Global Peace & Security Minor



NEW UPDATE:   SPRING QUARTER (posted March 26, 2015)

Professor Bouraad-Nash is back in Spring 2015.   Two GPS courses are offered and were added to GOLD on Pass 3.

If you plan to graduate this June with the GPS minor, you can meet with Jodi Cutler, in SSMS, room 2006, any time after week ONE.


Winter-Spring 2015 UPDATE (this was posted in January)

The instructor for all the GPS courses is on leave for winter and spring quarters 2015. 

Since the five GPS courses are the core of this minor, we can’t replace them with other electives. 

We sometimes have a few seats in the Global Studies courses (Global 102 and Global 124) for the GPS students but not enough for all students interested in the GPS minor.

So, for this academic year, the GPS minor is on hold.   It isn’t required for the BA and unfortunately, we can’t offer any alternative.

The upper division electives that cover topics related to “Peace & Security” are still offered every quarter.  You can take interesting upper division courses and will receive UC credit.  The only difference is that the words “GPS Minor” will not show up on your diploma. 

Look for courses in Anthropology, East Asian Studies, Environmental Studies, History, Political Science,  Religion, etc.


NOTE:    If you have completed TWO GPS courses and need only one more in spring to complete the minor and graduate in June 2015, see Jodi Cutler, in SSMS, room 2006.


Eve Darian-Smith

Chair, Global Studies Department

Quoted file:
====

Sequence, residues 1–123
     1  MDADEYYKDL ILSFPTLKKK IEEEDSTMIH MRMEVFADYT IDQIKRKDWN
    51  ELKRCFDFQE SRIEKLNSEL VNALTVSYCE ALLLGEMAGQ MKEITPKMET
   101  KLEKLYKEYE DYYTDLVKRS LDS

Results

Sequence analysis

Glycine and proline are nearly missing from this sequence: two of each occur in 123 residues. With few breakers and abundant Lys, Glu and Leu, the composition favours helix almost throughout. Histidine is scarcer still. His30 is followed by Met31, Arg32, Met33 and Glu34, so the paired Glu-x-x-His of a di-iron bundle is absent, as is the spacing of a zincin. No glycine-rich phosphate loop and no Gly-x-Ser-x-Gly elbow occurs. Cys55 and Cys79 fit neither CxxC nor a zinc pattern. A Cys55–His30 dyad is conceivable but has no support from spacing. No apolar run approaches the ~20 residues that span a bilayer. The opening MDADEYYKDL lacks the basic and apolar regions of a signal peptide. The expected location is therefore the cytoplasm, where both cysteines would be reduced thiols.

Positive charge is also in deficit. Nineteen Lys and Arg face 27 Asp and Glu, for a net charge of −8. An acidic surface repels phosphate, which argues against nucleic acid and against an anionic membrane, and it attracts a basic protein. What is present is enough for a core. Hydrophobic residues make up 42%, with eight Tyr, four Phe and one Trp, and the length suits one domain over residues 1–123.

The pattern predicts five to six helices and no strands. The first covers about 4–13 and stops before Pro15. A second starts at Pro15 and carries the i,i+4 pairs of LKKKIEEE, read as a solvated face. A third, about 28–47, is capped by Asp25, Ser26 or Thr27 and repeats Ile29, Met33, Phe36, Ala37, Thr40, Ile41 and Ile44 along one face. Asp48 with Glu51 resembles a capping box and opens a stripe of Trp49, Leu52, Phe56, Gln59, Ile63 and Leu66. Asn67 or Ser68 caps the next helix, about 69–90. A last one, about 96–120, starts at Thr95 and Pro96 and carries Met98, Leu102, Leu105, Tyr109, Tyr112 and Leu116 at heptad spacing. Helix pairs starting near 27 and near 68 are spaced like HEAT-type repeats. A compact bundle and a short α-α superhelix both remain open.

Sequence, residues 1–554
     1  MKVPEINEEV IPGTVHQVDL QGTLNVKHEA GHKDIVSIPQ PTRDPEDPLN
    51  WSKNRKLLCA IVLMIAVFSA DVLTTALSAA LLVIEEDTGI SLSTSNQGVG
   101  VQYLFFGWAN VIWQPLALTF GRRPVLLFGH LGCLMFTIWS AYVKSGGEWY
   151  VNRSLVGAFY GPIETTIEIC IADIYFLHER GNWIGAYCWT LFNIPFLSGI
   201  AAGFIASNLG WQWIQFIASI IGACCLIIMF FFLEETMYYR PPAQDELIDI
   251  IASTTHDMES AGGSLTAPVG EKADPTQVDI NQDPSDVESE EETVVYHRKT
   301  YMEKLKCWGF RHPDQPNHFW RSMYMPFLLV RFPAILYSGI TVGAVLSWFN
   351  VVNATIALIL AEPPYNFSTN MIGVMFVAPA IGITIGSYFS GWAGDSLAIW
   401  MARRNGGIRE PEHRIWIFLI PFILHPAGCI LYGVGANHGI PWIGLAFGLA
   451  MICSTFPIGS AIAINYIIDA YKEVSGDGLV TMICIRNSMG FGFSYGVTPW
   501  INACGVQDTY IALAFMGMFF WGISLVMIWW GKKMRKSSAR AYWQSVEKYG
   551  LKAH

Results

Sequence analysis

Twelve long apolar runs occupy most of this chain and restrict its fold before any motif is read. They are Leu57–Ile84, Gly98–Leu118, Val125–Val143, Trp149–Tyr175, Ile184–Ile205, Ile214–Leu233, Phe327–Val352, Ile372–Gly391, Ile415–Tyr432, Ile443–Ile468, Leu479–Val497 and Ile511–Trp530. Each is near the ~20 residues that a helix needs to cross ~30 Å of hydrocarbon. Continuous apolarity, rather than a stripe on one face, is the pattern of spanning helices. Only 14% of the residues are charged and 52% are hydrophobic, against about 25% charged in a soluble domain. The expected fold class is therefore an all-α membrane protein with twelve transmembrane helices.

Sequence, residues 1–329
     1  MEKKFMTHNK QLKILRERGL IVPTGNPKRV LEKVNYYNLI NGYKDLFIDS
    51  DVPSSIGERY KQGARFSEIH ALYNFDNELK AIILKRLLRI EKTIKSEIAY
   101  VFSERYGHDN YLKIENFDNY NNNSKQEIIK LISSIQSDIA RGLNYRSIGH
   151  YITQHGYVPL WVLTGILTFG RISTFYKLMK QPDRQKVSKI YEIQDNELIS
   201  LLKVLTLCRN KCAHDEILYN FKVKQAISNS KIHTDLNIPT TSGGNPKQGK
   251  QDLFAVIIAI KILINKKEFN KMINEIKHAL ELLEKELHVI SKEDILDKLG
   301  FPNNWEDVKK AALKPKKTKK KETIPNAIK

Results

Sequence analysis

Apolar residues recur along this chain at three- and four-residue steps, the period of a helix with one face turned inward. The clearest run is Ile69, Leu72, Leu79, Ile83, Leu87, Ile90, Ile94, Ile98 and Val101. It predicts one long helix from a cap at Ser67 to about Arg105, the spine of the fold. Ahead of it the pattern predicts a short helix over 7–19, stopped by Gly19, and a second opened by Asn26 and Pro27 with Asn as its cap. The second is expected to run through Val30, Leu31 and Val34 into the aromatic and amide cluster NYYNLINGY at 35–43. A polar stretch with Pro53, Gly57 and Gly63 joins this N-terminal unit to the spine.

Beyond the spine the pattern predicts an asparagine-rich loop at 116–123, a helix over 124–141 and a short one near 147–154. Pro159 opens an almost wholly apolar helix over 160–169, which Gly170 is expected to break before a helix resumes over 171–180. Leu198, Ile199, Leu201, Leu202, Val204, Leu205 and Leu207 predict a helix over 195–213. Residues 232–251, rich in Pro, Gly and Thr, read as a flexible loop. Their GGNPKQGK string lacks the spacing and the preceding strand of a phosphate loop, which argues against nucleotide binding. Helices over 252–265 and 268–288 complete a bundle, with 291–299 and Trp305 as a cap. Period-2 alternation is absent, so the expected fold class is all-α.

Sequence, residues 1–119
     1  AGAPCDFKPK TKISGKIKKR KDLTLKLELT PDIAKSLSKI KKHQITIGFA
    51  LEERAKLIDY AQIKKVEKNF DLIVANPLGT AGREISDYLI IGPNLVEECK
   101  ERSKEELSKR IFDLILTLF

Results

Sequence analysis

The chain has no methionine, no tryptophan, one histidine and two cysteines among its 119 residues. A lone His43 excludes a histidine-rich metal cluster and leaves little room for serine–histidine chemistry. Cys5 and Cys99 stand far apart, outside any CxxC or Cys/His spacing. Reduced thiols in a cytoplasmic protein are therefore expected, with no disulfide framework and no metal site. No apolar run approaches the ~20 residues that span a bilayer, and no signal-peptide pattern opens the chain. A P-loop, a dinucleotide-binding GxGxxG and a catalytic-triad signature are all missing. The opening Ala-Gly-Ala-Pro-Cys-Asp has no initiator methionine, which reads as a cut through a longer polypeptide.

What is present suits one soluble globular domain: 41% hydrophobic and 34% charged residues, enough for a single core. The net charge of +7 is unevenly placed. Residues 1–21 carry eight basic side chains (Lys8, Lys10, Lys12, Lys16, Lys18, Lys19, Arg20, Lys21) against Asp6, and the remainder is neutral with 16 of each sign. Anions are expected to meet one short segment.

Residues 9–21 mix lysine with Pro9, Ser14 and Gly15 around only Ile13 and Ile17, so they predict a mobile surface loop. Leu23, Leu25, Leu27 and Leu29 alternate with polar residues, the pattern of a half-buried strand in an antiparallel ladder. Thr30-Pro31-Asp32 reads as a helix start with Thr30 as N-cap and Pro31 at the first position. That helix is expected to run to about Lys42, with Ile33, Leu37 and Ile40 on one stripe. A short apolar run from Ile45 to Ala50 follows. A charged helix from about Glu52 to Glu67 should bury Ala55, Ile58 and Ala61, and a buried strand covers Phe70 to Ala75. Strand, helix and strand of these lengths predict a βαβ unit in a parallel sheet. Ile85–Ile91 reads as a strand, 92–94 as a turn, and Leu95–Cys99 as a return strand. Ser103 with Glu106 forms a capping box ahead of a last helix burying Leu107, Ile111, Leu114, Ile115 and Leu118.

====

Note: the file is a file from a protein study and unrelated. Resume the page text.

The Global Peace and Security (GPS) Program was established at UCSB in 1982 as part of a system-wide effort to develop peace and security studies. Its programs have been supported in part by the UC systemwide Institute of Global Conflict and Cooperation (IGCC).

Mark Juergensmeyer serves as Chair, and in addition the program supports a half-time Lecturer, Marguerite Bouraad-Nash, who teaches the core courses for the program and also serves as Vice-Chair.

The Minor in Global Peace and Security Studies gives students the opportunity to complement their major with an interdisciplinary minor relating to contemporary international affairs and policy issues.

**ADD A PAGE:  GPS Information

1)    How do I get a minor?

Visit the sponsoring department. There is no formal process to “declare” a minor, but the department will have the requirements sheet for the minor and explain the process.   When have completed the courses for the minor, you need to notify the sponsoring department.

2)    Is there any deadline for filing the minor?

To receive recognition for completing a minor, you should notify the sponsoring department of your intentions early in your final quarter –probably around the same time that  you declare candidacy for the bachelor’s degree. This is true even if you are still completing courses toward the minor that final quarter.  

Once the sponsoring department has grades for all your courses, they will forward the minor clearance form with the appropriate signature to the Registrar.  The minor will then appear on your diploma and transcript.

3)  What if I want to substitute another course for one of the requirements for the minor?